Three incumbents running for re-election to the Coeur d’Alene City Council will keep their seats.
The trio are each set to serve another four-year term on the six-person council.
The incumbents defeated three far-right challengers who carried endorsements from the Kootenai County Republican Central Committee. Brian Winkler, Clark Albritton and Roger Garlock were among a list of 24 candidates endorsed by the KCRCC this year. While the KCRCC-backed candidates didn’t do well in Coeur d’Alene, they did fare well elsewhere. Of that list, 17 endorsed candidates won .
The KCRCC typically endorses between 20 and 30 candidates in local elections, Chairman Brent Regan said. In an interview, Regan urged voters to remember that local races often come down to a handful of ballots.
“When people say their votes don’t matter, that’s proof that they actually do,” Regan said.
The three incumbents in the race for Coeur d’Alene City Council all carried endorsements from the North Idaho Republicans organization, which often backs more moderate members of the GOP. This year, the North Idaho Republicans endorsed 14 candidates, eight of whom won.
Incumbent Christie Wood won 58.3% of the vote over political newcomer Brian Winkler.
Wood and her fellow incumbent Dan Gookin teamed up to campaign together for this election against candidates, including Winkler, who were endorsed by the KCRCC.
Last week, Wood told The Spokesman-Review that she was worried what would happen to Coeur d’Alene if far-right candidates won a majority on city council.
“We know we’ve got a big target on us by the (Kootenai County) Republican Central Committee,” she said. “They can’t point to one flaw with the city. It’s really a personality thing. They don’t care for Dan and I.”
Neither Wood nor Winker immediately responded to a reporter’s request for comment Wednesday.
Incumbent Dan Gookin defeated Albritton by nearly 20 percentage points.
In an interview Wednesday, Gookin told The Spokesman-Review he thought the City Council races would be closer.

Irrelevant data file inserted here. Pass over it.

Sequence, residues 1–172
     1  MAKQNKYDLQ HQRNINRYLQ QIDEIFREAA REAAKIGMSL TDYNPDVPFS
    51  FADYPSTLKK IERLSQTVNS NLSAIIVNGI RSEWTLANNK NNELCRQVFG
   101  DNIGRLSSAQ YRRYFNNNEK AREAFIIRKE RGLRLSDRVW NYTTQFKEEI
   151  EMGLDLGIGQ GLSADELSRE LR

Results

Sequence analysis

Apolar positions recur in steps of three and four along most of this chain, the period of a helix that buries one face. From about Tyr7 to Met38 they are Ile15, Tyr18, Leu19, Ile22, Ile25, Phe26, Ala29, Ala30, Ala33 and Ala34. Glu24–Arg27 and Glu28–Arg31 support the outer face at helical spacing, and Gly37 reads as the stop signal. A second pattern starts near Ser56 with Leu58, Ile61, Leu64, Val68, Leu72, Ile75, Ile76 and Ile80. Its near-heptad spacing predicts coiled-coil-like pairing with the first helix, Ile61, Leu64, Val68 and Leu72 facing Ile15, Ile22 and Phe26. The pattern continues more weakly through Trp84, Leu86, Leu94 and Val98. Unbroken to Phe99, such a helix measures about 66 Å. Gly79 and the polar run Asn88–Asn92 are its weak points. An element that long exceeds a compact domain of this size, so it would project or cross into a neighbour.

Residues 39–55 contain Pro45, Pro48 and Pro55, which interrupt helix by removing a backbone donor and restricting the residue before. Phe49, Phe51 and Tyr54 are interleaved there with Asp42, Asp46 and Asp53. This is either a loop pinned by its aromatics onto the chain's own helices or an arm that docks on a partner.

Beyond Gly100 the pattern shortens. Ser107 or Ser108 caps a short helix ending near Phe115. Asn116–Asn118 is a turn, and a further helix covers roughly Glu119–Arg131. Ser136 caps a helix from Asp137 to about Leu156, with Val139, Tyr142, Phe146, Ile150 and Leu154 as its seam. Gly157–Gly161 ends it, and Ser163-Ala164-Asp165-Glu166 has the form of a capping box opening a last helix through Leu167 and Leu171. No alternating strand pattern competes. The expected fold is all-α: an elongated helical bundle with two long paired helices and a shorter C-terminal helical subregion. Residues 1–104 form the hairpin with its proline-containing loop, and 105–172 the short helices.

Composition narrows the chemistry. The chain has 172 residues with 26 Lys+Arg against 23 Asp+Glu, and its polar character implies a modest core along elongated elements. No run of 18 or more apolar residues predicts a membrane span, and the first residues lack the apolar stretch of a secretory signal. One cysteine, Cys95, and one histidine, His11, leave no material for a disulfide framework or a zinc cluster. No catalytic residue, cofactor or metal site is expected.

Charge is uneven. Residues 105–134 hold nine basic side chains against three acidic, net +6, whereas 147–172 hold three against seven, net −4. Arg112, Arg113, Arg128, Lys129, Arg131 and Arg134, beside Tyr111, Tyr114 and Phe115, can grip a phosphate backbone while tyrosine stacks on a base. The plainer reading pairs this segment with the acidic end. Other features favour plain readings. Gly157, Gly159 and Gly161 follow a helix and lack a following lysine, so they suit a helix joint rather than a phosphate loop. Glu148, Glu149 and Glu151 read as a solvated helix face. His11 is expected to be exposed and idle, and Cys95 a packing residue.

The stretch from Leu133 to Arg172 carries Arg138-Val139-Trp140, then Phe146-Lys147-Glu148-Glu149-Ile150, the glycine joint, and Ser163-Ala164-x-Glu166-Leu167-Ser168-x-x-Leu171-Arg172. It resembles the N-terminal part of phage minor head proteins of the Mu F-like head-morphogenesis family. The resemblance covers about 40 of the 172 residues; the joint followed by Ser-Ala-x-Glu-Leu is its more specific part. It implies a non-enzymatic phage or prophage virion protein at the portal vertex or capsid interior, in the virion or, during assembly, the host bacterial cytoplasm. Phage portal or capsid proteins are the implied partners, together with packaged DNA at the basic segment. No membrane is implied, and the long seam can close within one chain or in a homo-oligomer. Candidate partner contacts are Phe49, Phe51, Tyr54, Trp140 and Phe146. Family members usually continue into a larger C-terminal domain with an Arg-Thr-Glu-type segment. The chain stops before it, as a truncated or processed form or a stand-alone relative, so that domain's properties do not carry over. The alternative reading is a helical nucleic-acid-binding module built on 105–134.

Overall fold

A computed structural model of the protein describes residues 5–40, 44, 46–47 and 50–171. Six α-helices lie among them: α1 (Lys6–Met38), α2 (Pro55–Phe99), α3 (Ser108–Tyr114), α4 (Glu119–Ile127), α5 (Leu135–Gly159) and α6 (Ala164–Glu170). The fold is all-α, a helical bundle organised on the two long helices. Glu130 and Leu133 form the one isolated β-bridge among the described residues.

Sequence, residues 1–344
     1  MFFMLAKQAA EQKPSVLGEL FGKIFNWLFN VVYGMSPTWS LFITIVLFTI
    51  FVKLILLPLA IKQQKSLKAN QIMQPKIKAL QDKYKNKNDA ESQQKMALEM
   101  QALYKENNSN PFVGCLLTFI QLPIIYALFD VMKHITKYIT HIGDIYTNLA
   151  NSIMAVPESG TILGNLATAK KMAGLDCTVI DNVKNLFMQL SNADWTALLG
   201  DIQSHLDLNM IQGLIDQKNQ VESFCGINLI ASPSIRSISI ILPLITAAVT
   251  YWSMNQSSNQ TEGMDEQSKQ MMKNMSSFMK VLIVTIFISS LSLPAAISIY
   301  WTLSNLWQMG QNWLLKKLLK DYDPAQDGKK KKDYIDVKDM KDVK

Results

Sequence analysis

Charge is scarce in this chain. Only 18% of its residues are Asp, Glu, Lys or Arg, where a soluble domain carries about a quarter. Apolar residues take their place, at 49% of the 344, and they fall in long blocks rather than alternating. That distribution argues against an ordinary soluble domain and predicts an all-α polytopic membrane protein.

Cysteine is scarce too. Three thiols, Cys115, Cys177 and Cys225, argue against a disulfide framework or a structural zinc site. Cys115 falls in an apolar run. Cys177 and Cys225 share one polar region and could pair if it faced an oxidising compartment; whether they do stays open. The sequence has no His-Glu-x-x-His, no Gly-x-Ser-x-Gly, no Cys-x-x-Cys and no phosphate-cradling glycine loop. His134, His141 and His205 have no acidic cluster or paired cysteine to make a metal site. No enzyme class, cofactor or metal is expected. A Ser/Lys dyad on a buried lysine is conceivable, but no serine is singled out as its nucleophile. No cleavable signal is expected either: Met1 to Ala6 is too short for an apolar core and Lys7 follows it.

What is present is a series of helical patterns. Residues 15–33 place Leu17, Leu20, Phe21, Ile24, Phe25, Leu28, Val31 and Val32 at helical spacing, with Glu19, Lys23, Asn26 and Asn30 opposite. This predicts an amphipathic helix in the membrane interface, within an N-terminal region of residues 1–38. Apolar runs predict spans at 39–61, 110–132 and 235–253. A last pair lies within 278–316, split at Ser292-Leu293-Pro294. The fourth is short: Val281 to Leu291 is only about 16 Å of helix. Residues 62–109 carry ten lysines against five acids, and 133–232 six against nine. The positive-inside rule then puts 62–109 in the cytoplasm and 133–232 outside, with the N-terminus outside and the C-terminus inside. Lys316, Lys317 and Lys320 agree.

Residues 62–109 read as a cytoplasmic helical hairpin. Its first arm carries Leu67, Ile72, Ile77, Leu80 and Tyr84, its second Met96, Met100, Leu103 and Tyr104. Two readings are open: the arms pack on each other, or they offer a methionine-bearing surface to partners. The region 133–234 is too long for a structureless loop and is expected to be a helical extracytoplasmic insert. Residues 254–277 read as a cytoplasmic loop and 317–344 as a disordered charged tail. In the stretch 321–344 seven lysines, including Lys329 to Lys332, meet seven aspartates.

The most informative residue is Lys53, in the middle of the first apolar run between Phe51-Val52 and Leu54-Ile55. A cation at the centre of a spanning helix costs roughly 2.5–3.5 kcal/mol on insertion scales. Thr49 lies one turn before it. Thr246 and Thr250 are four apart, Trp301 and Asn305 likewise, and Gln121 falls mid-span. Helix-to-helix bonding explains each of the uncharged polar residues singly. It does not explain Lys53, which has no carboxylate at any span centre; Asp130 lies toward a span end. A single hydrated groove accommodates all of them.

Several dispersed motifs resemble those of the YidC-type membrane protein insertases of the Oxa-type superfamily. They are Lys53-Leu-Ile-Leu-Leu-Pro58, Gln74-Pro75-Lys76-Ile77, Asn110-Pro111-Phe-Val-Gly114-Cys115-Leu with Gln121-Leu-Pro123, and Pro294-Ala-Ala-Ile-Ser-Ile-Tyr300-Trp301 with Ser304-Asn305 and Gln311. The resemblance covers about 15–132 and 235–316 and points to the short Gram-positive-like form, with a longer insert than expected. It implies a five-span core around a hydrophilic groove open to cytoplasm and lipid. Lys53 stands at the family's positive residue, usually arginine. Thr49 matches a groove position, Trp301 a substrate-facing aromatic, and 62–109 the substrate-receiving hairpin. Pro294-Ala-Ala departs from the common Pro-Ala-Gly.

“We had a great team, we had a great strategy,” Gookin said. “I’m happy with the results, and I don’t think I would change a thing. I appreciate the support from the citizens of Coeur d’Alene who like the way the city is run and want to keep it that way.”
Albritton declined an interview, but sent a post-election campaign statement .
“I learned quite a lot about the process that will be invaluable for future campaigns,” Albritton wrote. “Although we did not prevail, I believe our campaign helped focus discourse on issues that will unfold in the coming term.”
Incumbent Dan English won 50.8% of the vote, defeating Garlock.
“A lot of people were really on edge because they didn’t want the city government to follow in the footsteps of some other local entities, like the library board,” English said in an interview. “Coeur d’Alene City Council is taking its own path. We are our own identity.“
In an interview, Gerlock said he was surprised by the election’s “low turnout,” adding that he worries about the future of Coeur d’Alene and intends to stay politically active in his community.
“Beating an incumbent is always tough,” Garlock said. “But they put up huge victories, and it’s hard to say where that came from.”
Knudsen said he may consider running for local office again .
“If anything, I was surprised that I was able to get more than 1,000 votes, being a newcomer,” Knudson said. “If I run again, I definitely would benefit from starting the process earlier.”